A little bit about me:

I am an architect, a career designer.  I think outside the box, laterally, making all sorts of odd connections and juxtapositions.  When designing I go from the Big Picture to the details and back; I look at the forest and then count the trees.

Ultimately I am a problem-solver.  I create under pressure, art on a deadline.  I am paid to create the intangible dreams in your head.  A surrogate artist.

I design houses, office buildings, tenant build-outs, medical offices, churches, schools, hotels, airport terminals and more.  I’ve done several of each.  The project include new construction, renovations and remodels.  I can even design furniture, fixtures, lamps, and exterior environments. Any problem that needs to be solved.

I’m not just a licensed architect and interior designer, I also hold licenses as a contractor and real estate broker.  And I am a “green” architect accredited with the US Green Building Council in LEED (Leadership in Energy Efficient Design).  My current specialty is Building Design + Construction (so technically I am a LEED AP, BD+C).  I have several successful LEED projects in my portfolio, including a silver and gold certification. I have also become a Green Globes Professional (GGP).  While they don’t provide support for single-family homes, in many cases it is a better system for multi-family and commercial projects.

Designing is like chess:  I have to think several moves ahead; picture the consequences; envision the final result; count the costs.  I like chess.

I have a Bachelor of Design, with honors, from the University of Florida as well as a Master of Architecture degree from the same fine institution.  I have been doing this for over 25 years.  During this time I worked for several architectural firms, large and small.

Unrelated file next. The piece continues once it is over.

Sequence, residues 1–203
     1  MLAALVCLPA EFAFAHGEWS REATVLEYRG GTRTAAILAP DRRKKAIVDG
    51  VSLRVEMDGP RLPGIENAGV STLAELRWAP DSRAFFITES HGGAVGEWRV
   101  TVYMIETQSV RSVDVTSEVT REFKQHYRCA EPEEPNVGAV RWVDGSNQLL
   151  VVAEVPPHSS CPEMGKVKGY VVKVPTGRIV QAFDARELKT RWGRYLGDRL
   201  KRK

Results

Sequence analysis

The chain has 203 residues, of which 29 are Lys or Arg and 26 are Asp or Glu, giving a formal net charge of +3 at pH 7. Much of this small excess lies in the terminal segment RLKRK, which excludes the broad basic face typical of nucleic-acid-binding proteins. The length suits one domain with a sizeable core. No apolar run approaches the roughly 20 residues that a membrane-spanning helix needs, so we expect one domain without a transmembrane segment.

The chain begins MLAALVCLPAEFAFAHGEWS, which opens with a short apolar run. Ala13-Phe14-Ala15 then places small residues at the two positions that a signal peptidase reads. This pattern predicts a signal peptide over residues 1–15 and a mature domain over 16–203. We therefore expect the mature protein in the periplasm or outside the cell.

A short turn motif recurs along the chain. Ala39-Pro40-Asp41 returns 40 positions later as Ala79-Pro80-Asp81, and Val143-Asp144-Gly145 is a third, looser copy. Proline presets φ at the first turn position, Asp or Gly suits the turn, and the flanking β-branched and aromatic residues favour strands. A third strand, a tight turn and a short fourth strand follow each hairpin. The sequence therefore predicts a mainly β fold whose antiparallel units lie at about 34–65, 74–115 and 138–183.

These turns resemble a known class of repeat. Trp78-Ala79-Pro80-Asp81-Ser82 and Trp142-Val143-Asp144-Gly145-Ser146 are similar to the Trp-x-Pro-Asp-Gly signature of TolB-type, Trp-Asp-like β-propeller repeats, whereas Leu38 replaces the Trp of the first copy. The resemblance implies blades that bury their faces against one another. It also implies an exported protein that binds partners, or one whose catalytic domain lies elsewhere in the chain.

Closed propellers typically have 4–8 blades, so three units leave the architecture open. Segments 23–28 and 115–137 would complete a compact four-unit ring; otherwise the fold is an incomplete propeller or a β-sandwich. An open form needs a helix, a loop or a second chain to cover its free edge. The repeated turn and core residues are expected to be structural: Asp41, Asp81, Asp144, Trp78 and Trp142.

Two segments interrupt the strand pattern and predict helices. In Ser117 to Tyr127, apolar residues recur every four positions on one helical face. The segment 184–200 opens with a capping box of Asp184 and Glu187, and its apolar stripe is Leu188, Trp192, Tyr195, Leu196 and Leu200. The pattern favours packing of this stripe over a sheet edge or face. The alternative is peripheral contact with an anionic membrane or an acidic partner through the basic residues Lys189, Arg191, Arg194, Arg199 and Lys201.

To do architecture today you need to know computers.  Everything is done with CADD (computer-aided design & drafting).  And there are new tools in our pouch:  BIM (Building Information Modeling) and 3D rendering.  I have a lot of experience with all of them.  During my career I worked briefly for Autodesk, the software company that makes AutoCAD and Revit, the two leading programs for CADD and BIM.  Lately I have worked a lot with SketchUp, a fast 3D modeling program that was freely available from Google and now owned by Trimble.

I have traveled widely, but my toes are firmly rooted in Florida sand.  My family has been in Florida for over 190 years.  We voted for statehood.  My grandfather built himself a Cracker house in Live Oak and I did my thesis on an updated Cracker house (modern vernacular) that won an international housing design award.

I live in Orange Park with my lovely wife.  We have been blessed with two beautiful daughters.  I love the sun, the beach, the pine flatwoods. The beach is less than an hour away and the river is right next door.  What could be better?

Lately I have become more interested in zero energy homes, accessory dwelling units (ADUs), passive solar cooling and other ideas to wean us from our petroleum dependence.  But my approach to green design is pragmatic:  gather the low-hanging fruit (lowest cost) first and focus on energy efficiency, reduction in energy demand and return on investment.

This interest in autonomous homes coincides with another interest:  small, efficient homes.  I don’t know why, but I have always been attracted to very small homes.  Perhaps it’s the challenge of simplification:  minimalism is removing all nonessential elements to get to the essence of the thing you are designing.  As Mies van der Rohe said, “Less is more.”  An easy goal to set, but difficult to achieve (“God is in the details”, also Mies).  And yet the temptation–the challenge–to achieve that goal continues and is renewed in each new project.

I may fit some of the stereotypical traits of an architect:  I straighten napkins; notice small details and miss large ones; carry a pencil everywhere; draw while I’m talking; draw while anything else is happening; tend to be introverted.

But in other ways, I am not:  I don’t wear black all the time (I favor Hawaiian shirts); don’t wear thick, round, black-rimmed glasses; am more concerned with the budget; like the construction end of the project; and don’t just hang out with other architects.

Brian Boatright

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